Though I do agree that weather is affected but this, a pool of water or even a swimming pool I don't think is so easy to test for the effect. Even the slightest disturbance can shift the water in one direction or the other. On such a small scale I personally don't believe water spins based on hemisphere.

You'll see videos online of famous tourist attractions where people pour a load of water into a sink and then release the water and it spins in a direction, then going to the other side of the equator a few feet away and doing the same and the water pours in the other direction, this is just a simple trick where they pour the bucket of water in at the angle they want the water to spin. I have yet to look up full sized whirlpools in the oceans though.
Tom is wrong most of the time. Hardly big news, don't you think?

Re: Questions after watching documentaries
« Reply #82 on: August 06, 2019, 11:45:30 AM »
Ok, firstly thanks for the replies! Made some interesting reading. A few things I will point out, it's already been stated but there are many instances where either side says "my proof is I've seen it with my own eyes" or similar and the other debunks it because they haven't seen it. That's childish view points in my opinion.

One thing I would like to point out is in post #12 in reply to my second lot of questions/statements about "spinning objects" so to do exactly what I just said was childish in the previous paragraph, I have literally seen toilets spin the opposite way round in Australia to what it does here in the UK. Every time I went to the toilet in the 12 days I was in Australia and New Zealand (I traveled to 10 cities across both countries) and each time they spun the opposite direction to here. Every time. That was using different toilets in different buildings in different cities. Simply saying no they don't isn't a helpful way to have this discussion. What would it take? Me to stay by your side and repeat the trip to Australia (to ensure I'm not using setup toilets you could choose the city and toilet in this hypothetical experiment) and compare and record them using your own tested to be accurate camera? Trees are the same, I've always been fascinated by twists in trees and these again differ, I could provide photos but someone would just say I doctored the image or something.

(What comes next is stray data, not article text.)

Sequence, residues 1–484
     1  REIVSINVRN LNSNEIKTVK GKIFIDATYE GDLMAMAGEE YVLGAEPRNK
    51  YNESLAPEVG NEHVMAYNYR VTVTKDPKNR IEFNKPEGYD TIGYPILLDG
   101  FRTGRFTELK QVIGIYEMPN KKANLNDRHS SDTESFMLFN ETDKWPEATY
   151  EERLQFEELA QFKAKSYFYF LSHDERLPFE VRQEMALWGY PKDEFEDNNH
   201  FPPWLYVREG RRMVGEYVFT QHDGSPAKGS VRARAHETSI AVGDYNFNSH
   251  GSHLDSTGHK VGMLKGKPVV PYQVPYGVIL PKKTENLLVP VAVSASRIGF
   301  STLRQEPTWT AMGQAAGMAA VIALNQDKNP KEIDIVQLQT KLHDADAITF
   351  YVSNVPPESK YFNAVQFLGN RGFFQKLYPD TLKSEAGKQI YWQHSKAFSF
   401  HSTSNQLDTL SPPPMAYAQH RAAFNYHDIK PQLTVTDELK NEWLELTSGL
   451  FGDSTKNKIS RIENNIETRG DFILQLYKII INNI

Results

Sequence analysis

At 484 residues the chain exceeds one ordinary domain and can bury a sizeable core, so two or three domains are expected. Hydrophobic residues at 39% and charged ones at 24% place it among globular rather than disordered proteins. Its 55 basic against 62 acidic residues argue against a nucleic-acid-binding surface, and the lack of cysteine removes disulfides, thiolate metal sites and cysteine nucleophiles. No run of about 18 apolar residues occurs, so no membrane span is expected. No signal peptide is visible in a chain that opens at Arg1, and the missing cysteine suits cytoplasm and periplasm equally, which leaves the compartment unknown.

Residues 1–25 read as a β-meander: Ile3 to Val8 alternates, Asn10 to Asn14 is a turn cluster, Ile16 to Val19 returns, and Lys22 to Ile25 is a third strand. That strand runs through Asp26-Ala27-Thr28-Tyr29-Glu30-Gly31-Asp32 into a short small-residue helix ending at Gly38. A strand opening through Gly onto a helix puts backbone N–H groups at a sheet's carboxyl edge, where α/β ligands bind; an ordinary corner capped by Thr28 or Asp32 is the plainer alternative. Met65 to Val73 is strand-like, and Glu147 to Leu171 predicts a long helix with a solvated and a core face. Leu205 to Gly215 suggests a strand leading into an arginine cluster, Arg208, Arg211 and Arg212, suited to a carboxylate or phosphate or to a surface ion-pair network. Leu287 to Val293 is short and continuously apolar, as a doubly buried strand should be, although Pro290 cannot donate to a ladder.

Water going down a toilet or sink has nothing to do with the shape of the earth.

Please perform more research.

This topic has been adequately debunked.

Yes, this is just a myth because sinks and toilets does not hold sufficient enough water! However if you create a drain big enough it will spin in opposite directions north/south. It is the same with cyclones, which are counterclockwise-rotating storms in the Northern Hemisphere, but rotate clockwise in the Southern Hemisphere. The circulation directions result from interactions between moving masses of air and air masses moving with the rotating earth.
Though I do agree that weather is affected but this, a pool of water or even a swimming pool I don't think is so easy to test for the effect. Even the slightest disturbance can shift the water in one direction or the other. On such a small scale I personally don't believe water spins based on hemisphere.

You'll see videos online of famous tourist attractions where people pour a load of water into a sink and then release the water and it spins in a direction, then going to the other side of the equator a few feet away and doing the same and the water pours in the other direction, this is just a simple trick where they pour the bucket of water in at the angle they want the water to spin. I have yet to look up full sized whirlpools in the oceans though.

I agree! It would have to be one large sink!! But the physics behind it is solid. The effect itself can be tested on a merry-go-round and two good friends.

Re: Questions after watching documentaries
« Reply #83 on: August 06, 2019, 11:49:56 AM »
Posted this before but these guys did a pretty good experiment which shows the effect.

If you are making your claim without evidence then we can discard it without evidence.